Skip to main content

Review: Crabby Pants

      Review: Crabby Pants
          
I saw this product as a sneak peek for Rose War Panty Power subscription box for June. I was excited to try this new product since I’ve had horrible cramps since I started my cycle at 12 years old! For many women, tackling period cramps starts with a series of pain relievers for body pains, hot teas, and heating pads-ugh. The idea of tackling cramps with an all-natural solution that I could apply directly to the problem area made me overjoyed. I impatiently waited for my June box to arrive, then the marvelous package showed up. The June box came with many goodies, but I wanted to test out the Crabby Pants product.
  The ‘Crabby Pants’ is a body oil that is made with five essential oils: lavender, ylang-ylang, clary sage, jasmine and rose. The five oils are blended into jojoba oils, which makes the skin soft and easier to absorb into the skin. The smell of ‘Crabby Pants’ has a slightly overpowering smell that reminds me of a floral garden. The product came in a 1 oz small, brown bottle with a dropper-style top. I applied 6 or 7 drops to my lower belly and massaged for a few minutes, then closed my eyes. I felt the cramps ease in 5 minutes, then did not feel any pain after 10 minutes.  
                                                 Score Card:
 Smell:  8/10 - I love a nice floral smell, but not everyone may enjoy it.
Feel: 10/10 – The Jojoba oil made my abdomen feel soft and moisturized, the oil absorbed quickly into the skin and did not have a gunky feeling on my skin.
Promise Execution: 10/10- The product worked faster than any pain reliever I’ve ever consumed.
Packaging:  10/10- The small, brown, bottle with the dropper-style top was the best packaging option for this product. The label on the bottle is very subtle with graphics with font style that is easy to read.

Comments

  1. I wish they had this when I was young. Menstrual cramps were hell for me too.
    This may help lots of women for sure. Thanks again for sharing.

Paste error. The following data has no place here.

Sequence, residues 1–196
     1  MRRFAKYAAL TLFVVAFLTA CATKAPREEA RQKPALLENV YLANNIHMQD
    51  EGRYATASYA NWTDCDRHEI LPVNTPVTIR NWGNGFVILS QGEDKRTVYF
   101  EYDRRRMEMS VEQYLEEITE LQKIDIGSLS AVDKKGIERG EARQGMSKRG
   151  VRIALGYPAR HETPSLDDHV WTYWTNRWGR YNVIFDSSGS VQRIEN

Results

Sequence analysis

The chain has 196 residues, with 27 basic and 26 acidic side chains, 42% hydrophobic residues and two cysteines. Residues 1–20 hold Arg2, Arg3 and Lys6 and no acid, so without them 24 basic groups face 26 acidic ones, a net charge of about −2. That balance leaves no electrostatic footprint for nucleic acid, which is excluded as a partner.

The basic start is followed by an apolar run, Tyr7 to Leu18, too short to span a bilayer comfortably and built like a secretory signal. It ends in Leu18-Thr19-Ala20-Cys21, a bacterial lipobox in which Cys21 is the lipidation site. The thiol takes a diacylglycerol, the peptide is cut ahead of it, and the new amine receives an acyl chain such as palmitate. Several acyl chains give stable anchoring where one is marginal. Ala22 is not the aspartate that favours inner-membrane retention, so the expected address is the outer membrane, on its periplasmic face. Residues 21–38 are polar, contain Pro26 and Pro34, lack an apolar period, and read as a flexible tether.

ReplyDelete

Post a Comment

Popular posts from this blog

The Wrap: The Beauty of Black Culture

I am completely in love with head wraps! I l love to see black women wearing head wraps of different colors, patterns, and worn in different styles. I was first introduced to the head wrap culture in 2004 , when I was a freshman at Savannah State University; one of my friends use to take one of her t-shirts and wrap it in a way that created a ‘bun’ in the back. I started making the ‘bun wrap’ a part of my ‘relax style’ by using a white t-shirt, I would sport it while walking around campus or to my grandmother’s house. I stopped wearing the ‘bun wrap’ when my family told me it was not ‘appropriate’, but I still kept an eye out for women wearing head wraps in beautiful ways.


 I loved to see women like Erykah Badu, India Ari, and Lauryn Hill wear their head wraps proudly in their music videos, concerts, and televised interviews. I really felt that seeing these images on television helped women and girls embrace that style or proudly showcase their African roots. I began to get back into e…

The Death of Black Mothers: A Deadly Epidemic

  In America, the concerns and pains of black women are ignored.  The history of black women’s pain being ignored can be traced back to slavery; in that span of 400 years, black women were used as sexual chattel and became the first (unwilling) patients of gynecology. The experimental reproductive surgeries being conducted on enslaved black women are documented, the most well-known case was from J. Marion Simmons- the ‘father of gynecology’. In his autobiography, he notes that the experimental surgeries he conducted on enslaved black women, in the 1840s, were done without any anesthesia and were extremely painful-to the point of death.
The absurd assumption that black women could withstand more pain than white women, led many physicians to believe that black women should receive little-to-no pain relief when complaining about pain.


Let’s fast forward to 2018, we can see that this sentiment has not been extinguished-but kept alive. The same assumption of black women has caused an epidemi…